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Ellen Stern Harris papers LSC.1287
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The Ellen Stern Harris papers document the efforts and accomplishments of a California environmental activist whose concerns ranged from protecting the California coastline to cleaning up campaign finances. Harris established herself as a leading activist through exhaustive correspondence, editorials, committee testimonies, lectures, cable television shows, and a Los Angeles Times consumer advocate column. Highlights of the collection include papers concerning her fight against the San Onofre Nuclear Generating Station (1971), the writing and passing of Proposition 20 (1972), her term as Vice Chairwoman of the California Coastal Zone Conservation Commission (1972-1976), and her internal investigation of the Metropolitan Water District of Southern California (1978). Also included is her research on such topics as media power, financial reform, electromagnetic field health concerns, and Beverly Hills community issues. This collection documents Harris’ lifelong dedication to promoting citizen rights in both her professional appointments and personal interests.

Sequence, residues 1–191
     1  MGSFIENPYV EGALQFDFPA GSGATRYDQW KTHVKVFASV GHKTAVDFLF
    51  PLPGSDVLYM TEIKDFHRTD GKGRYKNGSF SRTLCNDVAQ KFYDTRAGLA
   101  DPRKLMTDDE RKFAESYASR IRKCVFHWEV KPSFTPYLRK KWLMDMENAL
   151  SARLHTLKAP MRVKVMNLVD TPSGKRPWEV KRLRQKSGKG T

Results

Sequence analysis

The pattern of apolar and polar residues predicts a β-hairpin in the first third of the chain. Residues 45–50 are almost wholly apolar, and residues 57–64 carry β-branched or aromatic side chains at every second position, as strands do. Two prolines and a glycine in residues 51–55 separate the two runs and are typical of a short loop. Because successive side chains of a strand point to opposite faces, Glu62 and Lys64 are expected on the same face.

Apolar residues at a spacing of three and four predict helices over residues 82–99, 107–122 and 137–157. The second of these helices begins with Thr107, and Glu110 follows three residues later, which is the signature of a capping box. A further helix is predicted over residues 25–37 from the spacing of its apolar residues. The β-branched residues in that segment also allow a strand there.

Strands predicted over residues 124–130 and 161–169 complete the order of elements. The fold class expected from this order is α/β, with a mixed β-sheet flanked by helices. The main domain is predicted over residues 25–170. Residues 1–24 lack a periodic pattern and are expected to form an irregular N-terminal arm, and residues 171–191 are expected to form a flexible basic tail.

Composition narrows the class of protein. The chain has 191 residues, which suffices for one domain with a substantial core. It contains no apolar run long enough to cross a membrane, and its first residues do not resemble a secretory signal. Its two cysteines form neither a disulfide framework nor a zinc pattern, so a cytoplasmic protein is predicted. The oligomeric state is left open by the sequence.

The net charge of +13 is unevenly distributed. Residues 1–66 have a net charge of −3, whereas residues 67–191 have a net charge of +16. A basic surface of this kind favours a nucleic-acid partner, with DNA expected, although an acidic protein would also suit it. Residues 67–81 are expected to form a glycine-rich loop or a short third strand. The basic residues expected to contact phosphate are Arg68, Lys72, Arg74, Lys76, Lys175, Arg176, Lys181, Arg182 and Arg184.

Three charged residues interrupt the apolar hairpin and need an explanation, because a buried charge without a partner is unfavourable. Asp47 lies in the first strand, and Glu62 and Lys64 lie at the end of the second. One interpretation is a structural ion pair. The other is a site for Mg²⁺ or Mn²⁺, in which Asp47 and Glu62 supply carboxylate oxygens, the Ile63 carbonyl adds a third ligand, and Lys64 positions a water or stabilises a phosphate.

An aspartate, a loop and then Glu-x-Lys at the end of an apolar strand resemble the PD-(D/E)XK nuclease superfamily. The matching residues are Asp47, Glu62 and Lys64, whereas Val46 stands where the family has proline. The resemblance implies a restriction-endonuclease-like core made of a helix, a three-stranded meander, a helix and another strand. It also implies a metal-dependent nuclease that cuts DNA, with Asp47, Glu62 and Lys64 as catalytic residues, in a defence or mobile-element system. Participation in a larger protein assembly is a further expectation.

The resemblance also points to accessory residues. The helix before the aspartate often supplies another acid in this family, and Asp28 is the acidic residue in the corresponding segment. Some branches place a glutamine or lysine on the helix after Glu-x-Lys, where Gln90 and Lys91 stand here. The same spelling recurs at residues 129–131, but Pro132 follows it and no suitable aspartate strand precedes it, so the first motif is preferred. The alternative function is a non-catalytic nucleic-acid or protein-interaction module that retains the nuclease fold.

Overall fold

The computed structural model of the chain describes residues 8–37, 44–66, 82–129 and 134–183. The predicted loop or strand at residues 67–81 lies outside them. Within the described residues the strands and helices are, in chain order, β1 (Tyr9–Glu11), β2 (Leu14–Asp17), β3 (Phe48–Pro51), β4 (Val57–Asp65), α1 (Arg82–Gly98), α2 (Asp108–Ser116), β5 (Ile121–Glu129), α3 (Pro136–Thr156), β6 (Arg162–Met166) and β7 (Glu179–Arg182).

Ellen Stern Harris (1929-2006) was an environmental activist primarily concerned with water management and coastal protection. She grew up in Beverley Hills, California and was largely self-taught—she did not attend college. She was the mother of two children and was divorced in the mid-1960s. Harris served on a number of environmental committee boards and has a diverse set of accomplishments to her name, including founding the non-profit organization the Fund for the Environment in 1970 and serving as Executive Director until her death.
18.4 linear feet (46 document boxes and 1 flat box)
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COLLECTION STORED OFF-SITE AT SRLF: Open for research. Advance notice required for access. Contact the UCLA Library Special Collections Reference Desk for paging information.